For the 33 countries that have signed on to a further WTO ”Understanding on Commitments in Financial Services” in 1999, the situation is even more extreme. These 33 countries include almost all the OECD members, as well as a few developing countries like Nigeria, Sri Lanka and Turkey. This Understanding established further deregulation commitments by specifying a ”top-down” approach to financial liberalisation, which means that sector is by default fully covered by all of the agreement’s obligations and constraints unless a county specifically schedules limits to them.
For the US, UK and the other 31 countries that have signed on to the Understanding, there is effectively a standstill on further financial regulation of any kind: ”Any conditions, limitations and qualifications to the commitments noted below shall be limited to existing non-conforming measures.” And there is no possibility of any kind of ban on specific financial products that are deemed to be too risky like certain derivatives, etc. because the signatories to the Understanding have promised to ensure that foreign financial service suppliers are permitted ”to offer in its territory any new financial service.”
What all this means is that most of the new reform proposals for the financial sector in the US, the UK and other major capitalist countries are effectively illegal given their GATS commitments. This has huge implications for other countries, since the extent of financial entanglement is such that all of us will be affected by the volatile functioning of unregulated financial markets. And since GATS rules tend to prevent any backtracking on liberalisation commitments that have been made, it means that developing countries like India need to be doubly careful before making any commitments.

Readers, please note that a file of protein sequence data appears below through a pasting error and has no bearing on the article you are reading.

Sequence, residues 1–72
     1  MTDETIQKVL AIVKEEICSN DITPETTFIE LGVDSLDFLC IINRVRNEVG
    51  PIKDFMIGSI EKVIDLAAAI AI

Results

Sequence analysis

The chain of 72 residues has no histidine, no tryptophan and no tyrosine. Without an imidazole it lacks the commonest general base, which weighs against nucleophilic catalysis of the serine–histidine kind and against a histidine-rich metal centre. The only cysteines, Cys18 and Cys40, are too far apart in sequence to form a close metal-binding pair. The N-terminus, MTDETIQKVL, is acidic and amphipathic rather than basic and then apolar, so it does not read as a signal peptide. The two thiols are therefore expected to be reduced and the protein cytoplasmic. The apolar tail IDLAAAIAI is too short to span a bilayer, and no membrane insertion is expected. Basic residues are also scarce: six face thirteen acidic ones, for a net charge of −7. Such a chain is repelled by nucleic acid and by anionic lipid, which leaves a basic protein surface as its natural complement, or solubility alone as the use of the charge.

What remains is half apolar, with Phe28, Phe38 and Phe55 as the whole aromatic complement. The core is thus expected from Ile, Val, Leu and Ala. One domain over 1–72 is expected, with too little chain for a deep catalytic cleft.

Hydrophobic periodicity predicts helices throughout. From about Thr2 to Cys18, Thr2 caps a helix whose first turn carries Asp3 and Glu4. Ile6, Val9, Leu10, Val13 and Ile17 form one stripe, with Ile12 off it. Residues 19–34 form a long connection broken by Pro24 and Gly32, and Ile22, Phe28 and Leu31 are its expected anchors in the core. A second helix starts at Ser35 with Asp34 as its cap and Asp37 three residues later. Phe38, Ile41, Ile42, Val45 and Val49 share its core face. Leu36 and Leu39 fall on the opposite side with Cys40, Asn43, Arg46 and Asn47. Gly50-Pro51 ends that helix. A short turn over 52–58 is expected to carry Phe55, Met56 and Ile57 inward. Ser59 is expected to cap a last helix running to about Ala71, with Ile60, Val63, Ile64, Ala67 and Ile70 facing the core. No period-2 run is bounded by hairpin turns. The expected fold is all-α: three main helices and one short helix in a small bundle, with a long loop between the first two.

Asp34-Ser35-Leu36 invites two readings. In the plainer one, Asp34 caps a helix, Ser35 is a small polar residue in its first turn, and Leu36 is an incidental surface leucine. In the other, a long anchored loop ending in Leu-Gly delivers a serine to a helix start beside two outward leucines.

While this situation may appear to be bizarre and even incredible, it is a real comment on the immense political and lobbying power of finance. Most of these specific financial agreements were signed without the knowledge of either the political groupings or the public at large in the countries concerned. For example, in the US, congressional process is required to vet international economic agreements, but this did not occur in the case of the Understanding on Financial Services.
Obviously, these GATS rules are now completely out of date and constitute a major constraint on necessary reforms in the financial sector. There are two possibilities in such a context. First is that such rules get more or less ignored and become a bit like the ”Maastricht rules” for European economic integration, which tend to be more honoured in the breach, especially by large countries. The second is that the GATS itself — and specifically these provisions — gets renegotiated, eliminating all these provisions which demand and insist on comprehensive financial deregulation even when it is irrational and socially undesirable.
In either case, change is going to require political reconfiguration of the power of finance. At present, it looks like this will happen only with more extensive crisis — which unfortunately is also only too likely to occur.
Jayati Ghosh is Professor of Economics, Jawaharlal Nehru University, New Delhi. This article was first published by International Development Economics Associates on 8 February 2010; it is reproduced here for non-profit educational purposes.